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How Much Money Do You Get from a Reverse Mortgage?

Written by Banks Editorial Team
Updated September 18, 2023
5 min. read
Written by Banks Editorial Team
5 min. read

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Most homeowners have made monthly mortgage payments for decades, but those payments can come through in retirement. Retirees with paid-off homes won’t have to worry about monthly rent, but there’s another advantage home equity provides: reverse mortgages. This financial product helps homeowners afford the cost of living when they retire. It may be the key to staying in your neighborhood instead of having to downsize and relocate to a cheaper area.

It’s a good idea to have multiple income streams when you retire. Social security, cash flow from stable investments, and other income streams can help. However, a reverse mortgage can make it easier to stay where you are and have a less stressful retirement.

Protect your retirement and invest in your future starting today with a reverse mortgage.

Use additional income to invest in things to improve quality of life or cover healthcare expenses—the choice is yours.

What is a Reverse Mortgage and How Does It Work?

Homeowners build equity in their homes as they make mortgage payments and property values increase. Reverse mortgages let you tap into your equity through monthly payouts. You can continue receiving payments as long as you have equity left in your home. Homeowners who use reverse mortgages don’t have to pay them back as long as they follow these rules:

  • Continue paying property taxes, insurance, HOA, 
  • Keep the property in good condition (i.e., get the lawn mowed, make necessary repairs, etc.)
  • Address any outstanding federal debt and continue paying taxes
  • The home must be your primary residence

If a homeowner follows those rules, the loan won’t be due until they pass away, but there are additional rules for spouses. An eligible non-borrowing spouse has to be married to the borrower when that person gets the loan. In addition, the non-borrowing spouse must follow the same rules as the borrowing spouse. 

What Factors Affect How Much You Get from a Reverse Mortgage

A reverse mortgage is a useful financial product for retirees who want to live in their current homes. But naturally, some reverse mortgages pay out more funds than others. These factors impact how much you can expect to receive as a lump sum or through monthly distributions, depending on your preference.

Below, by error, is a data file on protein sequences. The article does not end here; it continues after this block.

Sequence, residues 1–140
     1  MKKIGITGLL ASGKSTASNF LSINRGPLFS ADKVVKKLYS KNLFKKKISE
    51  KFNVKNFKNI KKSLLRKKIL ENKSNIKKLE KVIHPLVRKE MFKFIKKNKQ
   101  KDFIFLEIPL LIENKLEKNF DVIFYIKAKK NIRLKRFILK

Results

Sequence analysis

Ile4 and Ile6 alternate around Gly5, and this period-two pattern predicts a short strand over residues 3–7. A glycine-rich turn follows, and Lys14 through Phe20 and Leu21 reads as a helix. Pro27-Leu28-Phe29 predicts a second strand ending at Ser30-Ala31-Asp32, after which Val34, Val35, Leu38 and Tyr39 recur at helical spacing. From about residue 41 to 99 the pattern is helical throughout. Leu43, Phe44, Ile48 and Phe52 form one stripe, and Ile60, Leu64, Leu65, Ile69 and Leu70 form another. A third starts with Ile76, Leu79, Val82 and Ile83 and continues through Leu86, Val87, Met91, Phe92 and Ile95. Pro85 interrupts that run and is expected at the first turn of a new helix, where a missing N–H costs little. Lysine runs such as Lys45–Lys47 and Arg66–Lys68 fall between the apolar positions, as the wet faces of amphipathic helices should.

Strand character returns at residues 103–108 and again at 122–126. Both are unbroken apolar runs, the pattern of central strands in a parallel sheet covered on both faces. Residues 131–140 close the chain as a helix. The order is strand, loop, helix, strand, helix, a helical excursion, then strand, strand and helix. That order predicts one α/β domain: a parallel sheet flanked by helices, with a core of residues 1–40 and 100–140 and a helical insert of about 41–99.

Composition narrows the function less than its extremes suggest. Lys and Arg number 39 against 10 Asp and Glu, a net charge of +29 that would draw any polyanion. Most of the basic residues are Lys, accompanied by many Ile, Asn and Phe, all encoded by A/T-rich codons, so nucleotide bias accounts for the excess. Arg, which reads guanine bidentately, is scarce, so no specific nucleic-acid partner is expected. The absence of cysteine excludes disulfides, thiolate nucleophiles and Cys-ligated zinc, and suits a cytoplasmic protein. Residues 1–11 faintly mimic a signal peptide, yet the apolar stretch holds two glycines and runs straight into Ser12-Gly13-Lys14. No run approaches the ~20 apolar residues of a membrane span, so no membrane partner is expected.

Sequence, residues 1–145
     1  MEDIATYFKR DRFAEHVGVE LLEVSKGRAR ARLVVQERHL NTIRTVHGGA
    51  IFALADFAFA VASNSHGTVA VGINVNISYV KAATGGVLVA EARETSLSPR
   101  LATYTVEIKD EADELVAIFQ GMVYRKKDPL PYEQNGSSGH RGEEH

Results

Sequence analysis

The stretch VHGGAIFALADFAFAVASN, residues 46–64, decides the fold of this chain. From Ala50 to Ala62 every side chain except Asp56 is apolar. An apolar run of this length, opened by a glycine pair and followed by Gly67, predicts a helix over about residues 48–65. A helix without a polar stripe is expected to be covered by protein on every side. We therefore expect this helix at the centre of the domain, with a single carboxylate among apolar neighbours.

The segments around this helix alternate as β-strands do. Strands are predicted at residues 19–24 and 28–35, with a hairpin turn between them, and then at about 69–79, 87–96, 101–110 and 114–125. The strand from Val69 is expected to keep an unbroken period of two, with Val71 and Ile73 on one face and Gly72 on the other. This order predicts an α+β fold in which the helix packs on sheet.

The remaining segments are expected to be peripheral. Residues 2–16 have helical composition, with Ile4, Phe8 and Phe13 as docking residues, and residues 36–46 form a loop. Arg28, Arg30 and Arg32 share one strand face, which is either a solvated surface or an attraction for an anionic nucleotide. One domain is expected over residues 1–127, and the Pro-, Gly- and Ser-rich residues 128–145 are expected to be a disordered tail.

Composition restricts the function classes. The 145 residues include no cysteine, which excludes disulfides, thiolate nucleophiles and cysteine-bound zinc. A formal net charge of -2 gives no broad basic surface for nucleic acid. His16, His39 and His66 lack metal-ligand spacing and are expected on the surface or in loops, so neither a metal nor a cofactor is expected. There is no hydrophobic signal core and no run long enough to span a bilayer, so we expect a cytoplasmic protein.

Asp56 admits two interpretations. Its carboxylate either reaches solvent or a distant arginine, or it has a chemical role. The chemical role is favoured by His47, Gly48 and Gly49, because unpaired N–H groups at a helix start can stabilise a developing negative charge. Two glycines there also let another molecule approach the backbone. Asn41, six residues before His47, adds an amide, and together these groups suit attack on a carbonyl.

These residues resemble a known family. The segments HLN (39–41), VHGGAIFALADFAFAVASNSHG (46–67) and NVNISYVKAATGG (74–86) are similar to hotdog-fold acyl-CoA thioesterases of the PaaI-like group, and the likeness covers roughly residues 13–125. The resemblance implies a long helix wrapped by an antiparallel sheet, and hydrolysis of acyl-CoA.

Current Equity in Your Home

A reverse mortgage draws from your home’s equity. For example, if you have $100,000 equity in your home, you cannot borrow more than $100,000 unless your home’s value rises over time. Equity is based on how much of the mortgage you paid off and how your home’s value changes over time.

Type of Reverse Mortgage

Homeowners seeking reverse mortgages can choose from two types of mortgages. The Home Equity Conversion Mortgage has limits that change each year. The FHA adjusts the ceiling each year and decided on $1,089,300 for all areas in 2023. If you want a reverse mortgage that exceeds this ceiling, you will have to take out a proprietary reverse mortgage. 


Not every homeowner can get a reverse mortgage. The homeowner must be at least 62 years old to qualify for a loan. Anyone who meets this age requirement and other parameters can get a reverse mortgage, but older homeowners can borrow larger amounts of money. This is because lenders have to wait for the owner to pass away before recouping the loan’s proceeds. If a borrower lives longer, the HUD will have more expenses over the loan’s lifetime. 

Protect your retirement and invest in your future starting today with a reverse mortgage.

Use additional income to invest in things to improve quality of life or cover healthcare expenses—the choice is yours.

Existing Mortgages

Reverse mortgage providers require that you pay off your existing mortgage before tapping into your reverse mortgage. If the lender lets you borrow $500,000 in home equity, and you have a $100,000 balance on your mortgage, you will have to pay it off first. That will leave you with $400,000 in equity for the reverse mortgage. A higher mortgage balance will limit how much you can borrow from a reverse mortgage program.